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Walk Your Way to Amazing Health

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By Tracy Shields July 9, 2013 Leave a comment Go to comments

 Come on, don’t just sit there…

 Is there anyone out there alive on this planet today who doubts that walking is good for you? I’m going to take a leap and assume that for most people this is an obvious fact.

And yet, so few of us meander, stroll, trek or march anywhere, let alone walk. America is vast and we need vehicles to transport us where we want to go. And while contemporary speed and efficiency of travel is awe-inspiring (albeit comedian Louis C.K. jokes about our annoyance that air travel isn’t fast enough!), our bodies take a back seat and suffer, physically, from our lack of getting from point A to point B on our own.

 

So, if we know that walking is good for us, why don’t we do it? My guess, which is not far off from this Slate magazine article, “How we got off the pedestrian path,” is that it’s simply not an efficient means of travel. And yet, somehow, someway, we need to start to view walking (and exercising in general) not as something we do for efficiency of travel, but rather an activity that prolongs our lives. That being said, here are a few inspirations to help you put one foot in front of the other…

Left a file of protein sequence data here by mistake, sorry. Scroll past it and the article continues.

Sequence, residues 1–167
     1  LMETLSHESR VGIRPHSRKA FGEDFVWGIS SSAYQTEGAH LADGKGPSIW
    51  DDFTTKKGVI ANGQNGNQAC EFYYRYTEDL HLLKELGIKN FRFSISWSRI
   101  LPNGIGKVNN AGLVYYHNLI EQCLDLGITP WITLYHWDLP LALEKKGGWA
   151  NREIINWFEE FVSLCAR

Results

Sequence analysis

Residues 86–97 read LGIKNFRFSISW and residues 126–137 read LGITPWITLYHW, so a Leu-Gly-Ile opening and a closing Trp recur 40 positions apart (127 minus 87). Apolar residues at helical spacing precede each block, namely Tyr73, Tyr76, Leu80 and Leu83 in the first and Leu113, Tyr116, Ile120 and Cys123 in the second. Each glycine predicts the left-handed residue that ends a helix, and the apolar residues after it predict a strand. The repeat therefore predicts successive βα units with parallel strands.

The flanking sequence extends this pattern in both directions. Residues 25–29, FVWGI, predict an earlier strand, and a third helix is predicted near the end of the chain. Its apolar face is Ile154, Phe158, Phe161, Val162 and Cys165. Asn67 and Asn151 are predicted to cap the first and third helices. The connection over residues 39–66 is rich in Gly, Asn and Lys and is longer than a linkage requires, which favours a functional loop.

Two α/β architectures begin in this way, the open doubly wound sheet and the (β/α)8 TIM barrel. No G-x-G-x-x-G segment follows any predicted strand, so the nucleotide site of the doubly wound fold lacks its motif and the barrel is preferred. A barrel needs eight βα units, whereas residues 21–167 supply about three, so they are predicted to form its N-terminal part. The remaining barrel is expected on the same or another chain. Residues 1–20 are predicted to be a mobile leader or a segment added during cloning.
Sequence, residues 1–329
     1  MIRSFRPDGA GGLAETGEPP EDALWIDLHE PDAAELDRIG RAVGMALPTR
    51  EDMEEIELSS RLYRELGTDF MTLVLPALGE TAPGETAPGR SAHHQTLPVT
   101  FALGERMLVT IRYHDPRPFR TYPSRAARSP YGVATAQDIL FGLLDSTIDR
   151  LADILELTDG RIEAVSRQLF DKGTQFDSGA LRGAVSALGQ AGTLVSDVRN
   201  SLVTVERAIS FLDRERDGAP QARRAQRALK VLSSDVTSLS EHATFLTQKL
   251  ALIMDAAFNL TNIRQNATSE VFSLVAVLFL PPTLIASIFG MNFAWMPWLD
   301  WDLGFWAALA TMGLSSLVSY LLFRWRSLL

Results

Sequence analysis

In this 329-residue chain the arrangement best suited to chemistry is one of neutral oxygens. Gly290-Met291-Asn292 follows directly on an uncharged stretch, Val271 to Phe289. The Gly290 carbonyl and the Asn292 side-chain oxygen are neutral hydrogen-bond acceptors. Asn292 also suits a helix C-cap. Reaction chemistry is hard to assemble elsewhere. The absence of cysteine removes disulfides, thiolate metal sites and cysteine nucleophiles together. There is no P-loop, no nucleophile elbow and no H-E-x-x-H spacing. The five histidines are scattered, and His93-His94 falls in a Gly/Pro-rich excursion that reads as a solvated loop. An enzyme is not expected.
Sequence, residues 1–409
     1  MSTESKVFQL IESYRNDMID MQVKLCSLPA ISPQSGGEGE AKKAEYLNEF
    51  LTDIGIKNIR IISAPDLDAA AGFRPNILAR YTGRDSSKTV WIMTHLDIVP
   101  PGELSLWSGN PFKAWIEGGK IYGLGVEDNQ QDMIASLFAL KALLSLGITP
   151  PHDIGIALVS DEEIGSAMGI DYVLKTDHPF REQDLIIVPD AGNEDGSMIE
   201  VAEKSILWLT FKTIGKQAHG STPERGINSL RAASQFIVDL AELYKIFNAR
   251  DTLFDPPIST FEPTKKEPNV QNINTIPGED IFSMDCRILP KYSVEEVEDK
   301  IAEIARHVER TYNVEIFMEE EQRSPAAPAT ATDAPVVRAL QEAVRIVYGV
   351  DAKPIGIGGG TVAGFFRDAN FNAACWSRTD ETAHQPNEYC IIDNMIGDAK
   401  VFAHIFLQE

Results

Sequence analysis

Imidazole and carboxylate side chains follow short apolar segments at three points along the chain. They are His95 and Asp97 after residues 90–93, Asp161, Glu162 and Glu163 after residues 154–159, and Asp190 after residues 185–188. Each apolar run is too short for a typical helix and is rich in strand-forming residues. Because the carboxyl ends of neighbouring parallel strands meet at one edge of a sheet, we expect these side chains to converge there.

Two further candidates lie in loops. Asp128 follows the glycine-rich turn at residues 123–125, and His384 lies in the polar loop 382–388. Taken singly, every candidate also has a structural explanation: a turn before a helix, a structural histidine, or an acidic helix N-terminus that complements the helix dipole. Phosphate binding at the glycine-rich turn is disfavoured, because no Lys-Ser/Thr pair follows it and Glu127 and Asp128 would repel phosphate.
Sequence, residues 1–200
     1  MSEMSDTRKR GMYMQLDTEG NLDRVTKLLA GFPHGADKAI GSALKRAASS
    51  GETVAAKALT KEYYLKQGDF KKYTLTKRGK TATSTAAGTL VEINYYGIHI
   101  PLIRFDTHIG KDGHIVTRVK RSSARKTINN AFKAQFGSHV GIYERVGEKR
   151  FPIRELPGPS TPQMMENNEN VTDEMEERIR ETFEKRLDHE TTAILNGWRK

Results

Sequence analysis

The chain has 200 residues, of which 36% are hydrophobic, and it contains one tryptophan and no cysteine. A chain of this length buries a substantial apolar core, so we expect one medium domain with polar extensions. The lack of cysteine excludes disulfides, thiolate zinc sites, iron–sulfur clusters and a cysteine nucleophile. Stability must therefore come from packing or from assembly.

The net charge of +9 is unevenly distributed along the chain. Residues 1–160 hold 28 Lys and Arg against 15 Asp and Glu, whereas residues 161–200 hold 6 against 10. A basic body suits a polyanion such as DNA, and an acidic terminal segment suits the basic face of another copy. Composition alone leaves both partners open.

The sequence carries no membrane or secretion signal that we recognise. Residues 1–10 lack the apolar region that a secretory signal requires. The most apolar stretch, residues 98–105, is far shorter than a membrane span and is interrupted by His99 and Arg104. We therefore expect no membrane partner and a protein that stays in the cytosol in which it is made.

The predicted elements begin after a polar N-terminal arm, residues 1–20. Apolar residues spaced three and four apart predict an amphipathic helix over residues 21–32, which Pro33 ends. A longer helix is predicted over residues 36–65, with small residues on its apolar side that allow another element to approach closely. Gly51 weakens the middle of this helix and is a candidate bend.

Did you know…

 

“If your daily strolls add up to a half hour most days of the week, you'll probably add a year or more to your life,” according to a study published in the Archives of Internal Medicine. –realsimple.com

 

“A 15-minute, moderate speed walk about 30 minutes after eating exerts significant control over the high blood sugar of older people,” and may help control diabetes.    –NBC News

 

“Older, non-disabled people who regularly engaged in physical activity reduced their risk of vascular-related dementia by 40 percent,” according to a new study published in the American Heart Association’s journal, Stroke. –American Heart Association

 

“Regular participation in exercise has been shown to be helpful in the prevention of such killers as heart disease, cancer and diabetes. Exercise also helps to control weight.” –Discovery Fit & Health

 

“Using data from the National Walkers’ Health Study, including more than 32,000 women and 8,000 men, researchers found that those who took the longest weekly walks were more likely to use less medication.” –Rodale News

 

Product Recommendation:

 

Res-Q Orosine: While this amazing little product won’t tie your walking shoes, it will give the energy you need not only to want to get up and walk, but it will probably make you want to walk faster and farther. It’s the first product of its kind that works directly on the cells to improve the delivery of oxygen to the heart, relax blood vessels and improve blood flow to the heart, all the things that make energy in the body possible.

 

 

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